My thoughts about this year’s Transportation Research Board Annual Meeting (TRBAM), which was held virtually in January 2021. I’ve been a regular TRB meeting attendee since the 1980s and serve on several TRB committees.
Committee Meetings – Excellent
More attendees than usual at TRB committee meetings.
Especially good was higher attendance made possible by fewer conflicts than at real meeting.
Chair’s meeting management is critical (TRB should provide 10 rules for good zoom management to all chairs! For example Zoom tips from Seth Godin).
Presentations at committee meetings helped keep interest. I tuned into several committee meetings just because of the presentations!
keep the sub-committee meetings virtual,
hold sub-committee meetings before January,
consider holding some committee meetings online,
post sub-committee/committee meeting agendas in online platform early.
Poster Sessions – Mixed
Andy Nash with Railway digitalisation poster TRB 2020
The video presentation was just like a lectern presentation, this is really great.
Unfortunately, we did not receive any feedback on our poster. Maybe the subject was uninteresting, but you did not have the impression anyone was “walking by” during the live session and only two people left comments. (It would also be good to be notified by mail when someone left a comment.)
In short, the virtual session missed the spontaneous interaction of an in person and physical session.
Finally, identifying the posters you wanted to see and then navigating through the virtual system to view them was clunky … there were lots of clicks, signing-in again, the inability to keep several digital discussion windows open simultaneously (so we could monitor our poster and view our virtual “neighbors” poster) …
return to holding physical poster sessions,
keep ability to upload video presentations before meeting.
Slide from our presentation on experimentation in transport planning.
These worked well on-line. Of course, physical would be better.
Much appreciated that the viewing period was extended through March.
Often the presentation only sessions arranged by committees are excellent. These presentations should also be available on the TRBAM Library discussed below. (With videos of the sessions if possible.)
Given the size of the TRBAM it’s always been a problem to discover the papers, posters and sessions you want to see. The online program was fine but the lack of integration with the virtual platform was a drag (just as the lack of integration between the mobile app and online program was in the early years).
A better key word search, consistent across posters, papers and sessions would be great.
Related, authors should be able to directly enter the committees they want to review their papers. Maybe this is a SAGE journal thing but having the committees and sub-committees in the key words section seems convoluted. Keep key words and committees separate.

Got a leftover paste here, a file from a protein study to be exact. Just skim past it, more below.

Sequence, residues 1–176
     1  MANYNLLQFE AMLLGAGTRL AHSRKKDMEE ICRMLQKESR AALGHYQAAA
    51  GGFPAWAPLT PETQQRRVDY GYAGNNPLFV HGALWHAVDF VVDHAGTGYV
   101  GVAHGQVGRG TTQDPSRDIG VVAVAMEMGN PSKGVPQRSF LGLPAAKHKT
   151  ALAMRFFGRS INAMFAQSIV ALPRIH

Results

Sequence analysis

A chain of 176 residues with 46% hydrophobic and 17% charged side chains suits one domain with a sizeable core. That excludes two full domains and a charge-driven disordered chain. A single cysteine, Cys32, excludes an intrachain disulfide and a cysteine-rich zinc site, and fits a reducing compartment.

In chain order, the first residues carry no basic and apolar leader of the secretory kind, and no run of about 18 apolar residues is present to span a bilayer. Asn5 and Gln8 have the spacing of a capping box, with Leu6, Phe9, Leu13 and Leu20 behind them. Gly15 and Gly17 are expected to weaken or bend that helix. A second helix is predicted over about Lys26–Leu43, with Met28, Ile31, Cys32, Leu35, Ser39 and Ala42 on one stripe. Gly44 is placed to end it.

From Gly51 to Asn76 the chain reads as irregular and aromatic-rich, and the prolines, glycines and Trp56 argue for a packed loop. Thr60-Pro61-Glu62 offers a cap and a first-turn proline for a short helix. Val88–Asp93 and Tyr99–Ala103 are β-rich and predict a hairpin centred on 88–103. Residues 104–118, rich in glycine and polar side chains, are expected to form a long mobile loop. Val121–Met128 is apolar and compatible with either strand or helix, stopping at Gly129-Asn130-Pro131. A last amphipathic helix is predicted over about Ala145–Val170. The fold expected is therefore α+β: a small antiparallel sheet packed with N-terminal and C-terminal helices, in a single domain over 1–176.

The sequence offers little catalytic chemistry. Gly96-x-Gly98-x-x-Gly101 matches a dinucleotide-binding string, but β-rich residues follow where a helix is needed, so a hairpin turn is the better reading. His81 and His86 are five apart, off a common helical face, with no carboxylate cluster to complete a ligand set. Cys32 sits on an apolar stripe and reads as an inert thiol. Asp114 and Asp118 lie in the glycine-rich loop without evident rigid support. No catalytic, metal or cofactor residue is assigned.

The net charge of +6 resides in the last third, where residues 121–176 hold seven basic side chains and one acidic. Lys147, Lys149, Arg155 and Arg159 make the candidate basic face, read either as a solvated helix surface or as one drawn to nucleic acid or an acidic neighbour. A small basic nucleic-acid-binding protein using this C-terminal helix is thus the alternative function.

Also, the letter-number TRB committee labeling is difficult. Not only are zeros, “Os”, ones and “Ls” mixed in (is it a zero? Or an O?), but people referring to committees by these labels is a real turn off for new people.
Snow at the 2020 TRB Annual Meeting.
The TRB Annual Meeting posters, papers and presentations should be more easily available online and available for a longer time.
It would be great to be able to use the better key word search system described above to actually access these files.
Open the TRBAM Library in December, authors upload materials before the meeting, and make them available for attendees until, for example, March.
Everyone did a great job this year. It was remarkable how well the meetings went; how much information was exchanged, and how much work was done.
But I look forward to meeting in person next year!
Here’s a location where sensors and an immediate green for pedestrians when no opposing traffic would make sense. Several people, one pushing a baby carriage, crossed against the light in the time before the light finally turned green for pedestrians.
After my post Traffic Signals for Active Mobility several people sent ideas for and examples of using traffic signals to encourage active walking and cycling, so I thought it would be a nice idea to keep track of the ideas just in case someone decides to pursue the idea of developing a best practices summary in the future.
Self-Controlled Traffic Signals
Self-controlled traffic signals use sensors to detect how many vehicles, cycles and pedestrians are approaching from each direction and the optimization algorithm continuously recalculates signal timing to minimize stop time for everyone. The approach was tested in Lucern Switzerland during 2020. After implementation the average waiting time for pedestrian traffic at one intersection was reduced by 29 percent thanks to self-control, and by 18 percent for car, motorcycle and bicycle traffic (ETH Zurich Research Report – German).
Reduced waiting time for pedestrians and cyclists = more walking and cycling!
Plus … no one gets mad waiting for traffic signals while no traffic is coming = less crossing against the signal and fewer complaints about the city not knowing what they are doing.
Real Time All-way Walk Phases
Figure 1 (top) shows normal traffic signal operation. Traffic and pedestrians on up-down street have right of way (green signals). Vehicles/bikes and pedestrians on cross-street are waiting (red signal).
Sensors determine there is no vehicle/bike traffic approaching on up-down street.
Figure 2 (bottom) shows that vehicle/bike traffic on up-down street receives a red signal and pedestrians on cross-street receive a green signal enabling them to start crossing the up-down street early.
It might be possible to exempt bikes from stopping and allow them to start crossing the up-down street with the pedestrians, but this would require some good cooperation from everyone.